Bic’s Universal Typeface Experiment has garnered a lot of buzz of late. Users can upload a digital sample of their handwriting; it then becomes part of a collective, singular typeface, as the name implies. Viewers can explore results using filters such as age, gender, and country.
According to Kevin Allen, it’s a smart move on the part of Bic: “It’s totally on-brand, with a tangible product in the end.”
While I agree with Allen that it’s a smart move, my reason for this sentiment is entirely different. In fact, it’s the “tangible product” bit that could lead Bic down the already-trod path of crowd sourced disaster.
Crowd Sourcing Gone Wrong
Crowd sourcing is fun; we all want a part in the play, and the proliferation of social media and advanced desktop publishing capabilities have ushered in an era of unprecedented crowd sourcing. But a magic bullet crowd sourcing is not. Remember when Walmart sent Pitbull to Kodiak, Alaska?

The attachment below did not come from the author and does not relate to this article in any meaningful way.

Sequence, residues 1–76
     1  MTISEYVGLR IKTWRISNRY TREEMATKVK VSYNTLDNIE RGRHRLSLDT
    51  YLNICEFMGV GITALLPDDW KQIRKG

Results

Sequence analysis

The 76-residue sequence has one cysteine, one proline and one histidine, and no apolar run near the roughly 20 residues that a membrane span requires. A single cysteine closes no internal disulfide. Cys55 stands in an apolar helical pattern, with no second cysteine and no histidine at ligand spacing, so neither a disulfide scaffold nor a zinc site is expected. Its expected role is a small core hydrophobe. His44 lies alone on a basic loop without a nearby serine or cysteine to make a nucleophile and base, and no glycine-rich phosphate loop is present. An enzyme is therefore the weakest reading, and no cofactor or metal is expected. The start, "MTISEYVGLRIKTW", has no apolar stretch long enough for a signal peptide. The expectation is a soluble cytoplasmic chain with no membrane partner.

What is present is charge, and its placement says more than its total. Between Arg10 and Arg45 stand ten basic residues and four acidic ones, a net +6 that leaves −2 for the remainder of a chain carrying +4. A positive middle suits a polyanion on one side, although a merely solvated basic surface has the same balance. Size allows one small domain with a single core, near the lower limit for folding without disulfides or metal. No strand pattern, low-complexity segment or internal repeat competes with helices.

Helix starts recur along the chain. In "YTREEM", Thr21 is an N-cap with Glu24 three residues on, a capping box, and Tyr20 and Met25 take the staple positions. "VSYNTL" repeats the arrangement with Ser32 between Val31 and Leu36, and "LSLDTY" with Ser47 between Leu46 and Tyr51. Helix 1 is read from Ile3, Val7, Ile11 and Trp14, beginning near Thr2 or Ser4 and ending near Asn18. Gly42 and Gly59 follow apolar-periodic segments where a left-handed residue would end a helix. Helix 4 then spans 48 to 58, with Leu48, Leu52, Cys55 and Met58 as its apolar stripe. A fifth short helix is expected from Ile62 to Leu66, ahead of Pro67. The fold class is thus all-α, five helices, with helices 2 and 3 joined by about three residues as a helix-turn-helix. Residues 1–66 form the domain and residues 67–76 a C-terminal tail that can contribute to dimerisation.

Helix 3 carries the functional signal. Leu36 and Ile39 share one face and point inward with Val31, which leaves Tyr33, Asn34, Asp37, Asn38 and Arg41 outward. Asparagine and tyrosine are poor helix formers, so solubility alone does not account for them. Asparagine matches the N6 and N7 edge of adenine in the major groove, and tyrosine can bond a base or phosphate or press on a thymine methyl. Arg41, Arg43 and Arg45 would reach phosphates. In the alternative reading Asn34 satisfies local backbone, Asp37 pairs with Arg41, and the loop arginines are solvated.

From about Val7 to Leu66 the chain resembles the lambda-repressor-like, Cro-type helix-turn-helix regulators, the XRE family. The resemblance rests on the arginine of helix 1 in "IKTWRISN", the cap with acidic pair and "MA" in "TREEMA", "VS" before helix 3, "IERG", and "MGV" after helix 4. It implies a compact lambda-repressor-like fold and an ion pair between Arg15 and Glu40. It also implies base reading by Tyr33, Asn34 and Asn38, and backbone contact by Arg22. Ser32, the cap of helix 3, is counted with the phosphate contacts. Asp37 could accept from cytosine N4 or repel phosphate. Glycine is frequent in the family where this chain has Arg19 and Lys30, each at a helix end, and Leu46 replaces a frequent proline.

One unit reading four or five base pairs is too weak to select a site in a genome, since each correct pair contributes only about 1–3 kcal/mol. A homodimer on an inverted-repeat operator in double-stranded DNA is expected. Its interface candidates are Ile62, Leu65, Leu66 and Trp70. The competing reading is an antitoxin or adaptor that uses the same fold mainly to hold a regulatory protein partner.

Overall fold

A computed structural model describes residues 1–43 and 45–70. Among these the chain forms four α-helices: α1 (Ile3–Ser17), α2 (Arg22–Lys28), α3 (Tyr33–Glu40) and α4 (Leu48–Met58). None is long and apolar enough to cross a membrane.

That’s to say nothing of design. Yahoo tried it with its logo refresh in 2013, then left our egos smarting after the unveil when it became clear that the final product did not, and never intended to, take into account our yays and nays.
Kudos Bic: A Crowd Sourced Success Story
Bic has hit the nail on the head because, as opposed to making empty promises, the company hasn’t promised much of anything. (Bic will release the typeface to the public this month.)
That’s a pretty safe bet, considering our collective scrawl could yield a less-than-stellar result. Let’s face it: the typeface will likely be, well, average.
Takeaway: Don’t make any promises. The Universal Typeface Experiment is fun to use, with a clean interface and non-clunky interactivity. Sometimes participation is an end in itself, and a tangible product need not result.